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The annual University of Kentucky Markey Cancer CenterResearch Day not only provides researchers with the opportunity to share their work, but to get feedback from colleagues. An estimated 400 people were in attendance at the event, with about 50 staff members tasked with judging posters.While many posters are presented by seasoned researchers,... FULL STORY
Dr. Mark Evers, director of the University of Kentucky Markey Cancer Center, gave his annual "State of the Cancer Center" address Wednesday at Markey Research Day, highlighting the center's major accomplishments in patient care, recruitment, research and outreach from the past year."Markey is making great strides in both clinical care and research... FULL STORY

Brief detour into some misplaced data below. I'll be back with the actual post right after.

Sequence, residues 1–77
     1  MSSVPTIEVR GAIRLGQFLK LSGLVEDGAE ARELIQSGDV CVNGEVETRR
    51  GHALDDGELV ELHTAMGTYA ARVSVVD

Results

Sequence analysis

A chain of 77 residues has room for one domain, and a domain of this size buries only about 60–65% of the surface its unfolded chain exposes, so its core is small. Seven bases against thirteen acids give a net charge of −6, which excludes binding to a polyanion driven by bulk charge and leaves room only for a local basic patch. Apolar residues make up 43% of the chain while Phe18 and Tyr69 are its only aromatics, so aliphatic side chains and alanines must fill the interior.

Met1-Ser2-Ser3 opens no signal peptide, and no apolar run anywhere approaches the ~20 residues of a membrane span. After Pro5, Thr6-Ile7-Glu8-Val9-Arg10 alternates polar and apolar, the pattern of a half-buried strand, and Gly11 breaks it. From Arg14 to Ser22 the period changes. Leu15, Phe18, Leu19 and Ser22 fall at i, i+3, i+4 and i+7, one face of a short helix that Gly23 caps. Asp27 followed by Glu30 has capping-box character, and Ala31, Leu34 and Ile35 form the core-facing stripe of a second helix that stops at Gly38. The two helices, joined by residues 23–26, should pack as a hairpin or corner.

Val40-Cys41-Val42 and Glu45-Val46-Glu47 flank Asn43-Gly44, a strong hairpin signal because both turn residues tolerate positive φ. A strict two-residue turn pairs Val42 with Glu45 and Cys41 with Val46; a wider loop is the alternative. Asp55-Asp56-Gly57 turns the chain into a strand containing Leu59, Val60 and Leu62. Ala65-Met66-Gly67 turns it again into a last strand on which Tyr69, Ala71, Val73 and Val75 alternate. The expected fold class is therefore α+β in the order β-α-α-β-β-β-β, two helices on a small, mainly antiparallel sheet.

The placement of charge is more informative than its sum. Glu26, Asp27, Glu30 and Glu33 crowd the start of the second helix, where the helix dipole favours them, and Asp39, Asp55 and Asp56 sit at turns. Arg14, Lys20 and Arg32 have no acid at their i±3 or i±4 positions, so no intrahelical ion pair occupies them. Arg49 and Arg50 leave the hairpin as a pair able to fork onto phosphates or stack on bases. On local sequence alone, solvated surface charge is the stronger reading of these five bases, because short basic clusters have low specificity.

The University of Kentucky Markey Cancer Center and the Leukemia and Lymphoma Society hosted their fifth annual "Meet the Researchers Day" last week. Meet the Researchers Day is a field trip given as a prize to two schools in the region who successfully raise more than $1,000 for the LLS's Pennies for Patients campaign.
This year, students from Bluegrass Baptist School (BBS) in Lexington, Ky., and Kenneth King Middle School (KKMS) in Harrodsburg, Ky., won the opportunity to visit the Biomedical/ Biological Sciences Research Building (BBSRB) on UK's campus and learned more about how the money they raised for Pennies for Patients will help further cancer research.... FULL STORY